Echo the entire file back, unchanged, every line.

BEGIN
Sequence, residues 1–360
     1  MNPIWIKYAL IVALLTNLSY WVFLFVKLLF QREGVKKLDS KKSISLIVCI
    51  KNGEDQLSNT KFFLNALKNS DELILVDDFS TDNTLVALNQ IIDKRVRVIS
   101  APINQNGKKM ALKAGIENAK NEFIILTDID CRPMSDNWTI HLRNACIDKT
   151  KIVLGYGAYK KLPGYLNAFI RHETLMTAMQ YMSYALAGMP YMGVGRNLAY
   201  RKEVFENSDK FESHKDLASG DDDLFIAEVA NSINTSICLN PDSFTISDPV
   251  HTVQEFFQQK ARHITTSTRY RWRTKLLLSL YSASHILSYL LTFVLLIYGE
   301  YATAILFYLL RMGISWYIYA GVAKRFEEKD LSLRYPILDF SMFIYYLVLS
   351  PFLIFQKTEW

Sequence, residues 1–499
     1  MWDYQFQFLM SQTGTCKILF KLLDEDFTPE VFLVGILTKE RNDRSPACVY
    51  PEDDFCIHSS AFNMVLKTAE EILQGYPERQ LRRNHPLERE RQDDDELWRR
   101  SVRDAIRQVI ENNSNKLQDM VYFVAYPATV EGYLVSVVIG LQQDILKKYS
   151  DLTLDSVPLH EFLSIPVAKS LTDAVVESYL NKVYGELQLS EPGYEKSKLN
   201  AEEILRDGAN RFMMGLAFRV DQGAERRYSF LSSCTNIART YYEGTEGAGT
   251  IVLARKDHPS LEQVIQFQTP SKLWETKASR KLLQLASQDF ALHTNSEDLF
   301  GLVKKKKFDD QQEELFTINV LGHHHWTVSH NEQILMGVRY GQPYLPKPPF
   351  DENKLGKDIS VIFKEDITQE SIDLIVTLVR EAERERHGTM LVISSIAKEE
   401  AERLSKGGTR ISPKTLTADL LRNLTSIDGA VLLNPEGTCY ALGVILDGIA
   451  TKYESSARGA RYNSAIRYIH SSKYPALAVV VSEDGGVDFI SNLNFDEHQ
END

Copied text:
Sequence, residues 1–360
     1  MNPIWIKYAL IVALLTNLSY WVFLFVKLLF QREGVKKLDS KKSISLIVCI
    51  KNGEDQLSNT KFFLNALKNS DELILVDDFS TDNTLVALNQ IIDKRVRVIS
   101  APINQNGKKM ALKAGIENAK NEFIILTDID CRPMSDNWTI HLRNACIDKT
   151  KIVLGYGAYK KLPGYLNAFI RHETLMTAMQ YMSYALAGMP YMGVGRNLAY
   201  RKEVFENSDK FESHKDLASG DDDLFIAEVA NSINTSICLN PDSFTISDPV
   251  HTVQEFFQQK ARHITTSTRY RWRTKLLLSL YSASHILSYL LTFVLLIYGE
   301  YATAILFYLL RMGISWYIYA GVAKRFEEKD LSLRYPILDF SMFIYYLVLS
   351  PFLIFQKTEW

Sequence, residues 1–499
     1  MWDYQFQFLM SQTGTCKILF KLLDEDFTPE VFLVGILTKE RNDRSPACVY
    51  PEDDFCIHSS AFNMVLKTAE EILQGYPERQ LRRNHPLERE RQDDDELWRR
   101  SVRDAIRQVI ENNSNKLQDM VYFVAYPATV EGYLVSVVIG LQQDILKKYS
   151  DLTLDSVPLH EFLSIPVAKS LTDAVVESYL NKVYGELQLS EPGYEKSKLN
   201  AEEILRDGAN RFMMGLAFRV DQGAERRYSF LSSCTNIART YYEGTEGAGT
   251  IVLARKDHPS LEQVIQFQTP SKLWETKASR KLLQLASQDF ALHTNSEDLF
   301  GLVKKKKFDD QQEELFTINV LGHHHWTVSH NEQILMGVRY GQPYLPKPPF
   351  DENKLGKDIS VIFKEDITQE SIDLIVTLVR EAERERHGTM LVISSIAKEE
   401  AERLSKGGTR ISPKTLTADL LRNLTSIDGA VLLNPEGTCY ALGVILDGIA
   451  TKYESSARGA RYNSAIRYIH SSKYPALAVV VSEDGGVDFI SNLNFDEHQ